“Forget Core Quality Updates, YMYL, and EAT, just kick them out of the index. Sick of seeing Google put the hammer down for things like buying links… But consistently turns a blind eye to content that causes real harm to people.”
Google Responds to Issue of Misinformation in SERPs
Google’s Danny Sullivan insisted that Google is not turning a blind eye to misinformation. He affirmed Google’s commitment to showing useful information in the SERPs.
We don't turn a blind eye. Just because something is indexed is entirely different from whether it ranks. We invest a huge amount of resources to ensure we're returning useful, authoritative information in ranking. See also: https://t.co/SRUFrTcg56 and https://t.co/cTveD8XNxp
— Danny Sullivan (@dannysullivan) December 10, 2020
The end result is the same. Our systems look to reward quality. If you are posting misinformation, you're not rewarded, because you don't rank well. If you try to artificially boost your relevance, you're not rewarded, because you get a manual action and don't rank well.
— Danny Sullivan (@dannysullivan) December 10, 2020
“Bottom line, protecting your user’s life/health should take a higher precedence than punishing link buyers.”
“It already does. You are choosing to deliberately focus on the fact that we take manual action on *some* things in *addition to* automated protections to make it seem like our existing ranking systems are somehow not trying to show the best and most useful info we can.”
“It seems like you equate manual action in the case of some spam attempts as somehow like we’re not working across all pages all the time to fight both spam and misinformation. We are.”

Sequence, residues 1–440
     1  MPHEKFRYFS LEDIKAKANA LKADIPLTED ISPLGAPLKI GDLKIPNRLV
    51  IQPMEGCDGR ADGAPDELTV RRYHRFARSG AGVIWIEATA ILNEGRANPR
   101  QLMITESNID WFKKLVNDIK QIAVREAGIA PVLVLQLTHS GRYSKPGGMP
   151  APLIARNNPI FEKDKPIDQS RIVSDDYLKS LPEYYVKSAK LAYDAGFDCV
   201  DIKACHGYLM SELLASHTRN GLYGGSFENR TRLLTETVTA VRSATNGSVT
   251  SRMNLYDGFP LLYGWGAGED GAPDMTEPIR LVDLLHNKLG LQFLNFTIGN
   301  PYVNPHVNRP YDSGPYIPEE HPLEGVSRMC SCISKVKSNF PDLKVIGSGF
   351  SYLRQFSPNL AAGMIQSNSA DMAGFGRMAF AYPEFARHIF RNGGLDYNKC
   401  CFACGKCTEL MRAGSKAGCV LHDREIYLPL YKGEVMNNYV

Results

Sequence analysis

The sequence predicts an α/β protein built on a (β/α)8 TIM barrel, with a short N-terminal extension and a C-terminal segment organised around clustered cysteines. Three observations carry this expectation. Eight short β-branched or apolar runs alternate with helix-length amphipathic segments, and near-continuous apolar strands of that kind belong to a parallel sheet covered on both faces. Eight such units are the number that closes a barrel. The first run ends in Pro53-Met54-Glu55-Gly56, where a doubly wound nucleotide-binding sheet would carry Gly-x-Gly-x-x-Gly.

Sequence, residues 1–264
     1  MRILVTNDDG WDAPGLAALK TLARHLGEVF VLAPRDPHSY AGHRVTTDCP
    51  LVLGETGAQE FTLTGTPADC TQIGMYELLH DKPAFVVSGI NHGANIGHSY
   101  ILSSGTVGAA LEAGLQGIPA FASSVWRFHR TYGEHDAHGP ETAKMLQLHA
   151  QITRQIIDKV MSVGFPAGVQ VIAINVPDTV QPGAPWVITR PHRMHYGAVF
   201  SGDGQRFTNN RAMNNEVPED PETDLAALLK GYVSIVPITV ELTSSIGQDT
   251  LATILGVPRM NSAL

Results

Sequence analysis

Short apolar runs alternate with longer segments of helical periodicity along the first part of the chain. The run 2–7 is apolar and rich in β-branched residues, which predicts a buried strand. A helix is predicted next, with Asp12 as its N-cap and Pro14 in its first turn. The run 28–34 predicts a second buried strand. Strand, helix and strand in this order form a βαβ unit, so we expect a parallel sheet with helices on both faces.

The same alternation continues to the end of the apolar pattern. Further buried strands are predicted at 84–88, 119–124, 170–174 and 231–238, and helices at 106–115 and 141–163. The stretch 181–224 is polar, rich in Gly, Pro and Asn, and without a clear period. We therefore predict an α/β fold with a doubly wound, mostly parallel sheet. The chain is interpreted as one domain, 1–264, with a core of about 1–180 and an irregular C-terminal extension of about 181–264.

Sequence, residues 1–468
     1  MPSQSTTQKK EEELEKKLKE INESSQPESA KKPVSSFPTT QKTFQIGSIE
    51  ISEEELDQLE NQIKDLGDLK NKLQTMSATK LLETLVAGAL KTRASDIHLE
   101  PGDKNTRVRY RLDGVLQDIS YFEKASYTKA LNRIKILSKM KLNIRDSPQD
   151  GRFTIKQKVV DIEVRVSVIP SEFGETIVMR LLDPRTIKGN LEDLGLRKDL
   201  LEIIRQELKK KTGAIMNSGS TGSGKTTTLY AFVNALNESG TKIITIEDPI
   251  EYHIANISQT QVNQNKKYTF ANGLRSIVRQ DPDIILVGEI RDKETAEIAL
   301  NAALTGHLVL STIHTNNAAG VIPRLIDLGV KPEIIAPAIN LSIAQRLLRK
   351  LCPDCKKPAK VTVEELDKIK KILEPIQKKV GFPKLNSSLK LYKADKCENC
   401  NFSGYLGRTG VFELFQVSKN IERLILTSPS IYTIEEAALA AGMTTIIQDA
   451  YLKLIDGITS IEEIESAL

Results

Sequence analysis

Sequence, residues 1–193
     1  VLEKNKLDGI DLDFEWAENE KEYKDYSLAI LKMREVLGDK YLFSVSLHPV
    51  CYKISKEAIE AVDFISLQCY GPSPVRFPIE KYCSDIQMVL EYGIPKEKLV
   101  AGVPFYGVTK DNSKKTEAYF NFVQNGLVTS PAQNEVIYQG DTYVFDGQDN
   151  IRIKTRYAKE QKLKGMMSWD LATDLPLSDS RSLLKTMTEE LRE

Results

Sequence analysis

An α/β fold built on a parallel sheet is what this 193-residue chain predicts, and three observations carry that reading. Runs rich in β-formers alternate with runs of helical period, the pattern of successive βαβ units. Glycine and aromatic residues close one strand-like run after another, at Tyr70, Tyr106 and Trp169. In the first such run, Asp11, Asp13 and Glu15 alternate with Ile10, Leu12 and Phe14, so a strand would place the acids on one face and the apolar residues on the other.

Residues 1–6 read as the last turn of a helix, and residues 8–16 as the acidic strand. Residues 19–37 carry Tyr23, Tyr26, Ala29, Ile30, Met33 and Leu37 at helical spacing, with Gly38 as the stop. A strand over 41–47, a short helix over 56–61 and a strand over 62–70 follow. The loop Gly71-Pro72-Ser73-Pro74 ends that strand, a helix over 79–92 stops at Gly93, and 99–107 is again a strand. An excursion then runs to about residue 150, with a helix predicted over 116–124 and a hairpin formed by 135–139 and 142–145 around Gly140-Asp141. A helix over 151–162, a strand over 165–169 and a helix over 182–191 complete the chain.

Joe Hall returned to ask why misleading sites aren’t penalized in a similar manner as spam is:
I understand that. The point I'm trying to make is why isn't there a manual penalty for spreading disinformation that can kill people? Why is it that manual penalties are only reserved for links? Algorithms don't carry the same message that manual penalties do.
— Joe Hall 🦡 (@joehall) December 11, 2020
“There are millions of pages with misinformation out there. We can’t manually review all existing pages, somehow judge them & also review every new page that’s created for topics that are entirely new. The best way to deal with that is how we do, a focus on quality ranking…
Remember the whole 15% of queries are new thing. That’s a big deal. Some new story breaks, uncertain info flows, misinfo flows along with authority info that flows. Our systems have to deal with this within seconds. Seconds. Over thousands+ pages that quickly emerge…”
Next Danny asserted that automated systems do far more heavy lifting against spam than manual actions.
“Yes, we will take manual actions in addition to the automated stuff, but that’s a tiny amount and also something where a manual approach can work, because it’s pretty clear to us what’s spam or not.”
Google and Misinformation
It’s uncertain whether Google’s algorithms are doing a good job surfacing high quality information in the search results.
But the question as to whether Google should elevate how it treats misinformation is a valid one. Particularly in YMYL queries in medical topics, blocking misinformation in those search results seems to be as important as blocking spam.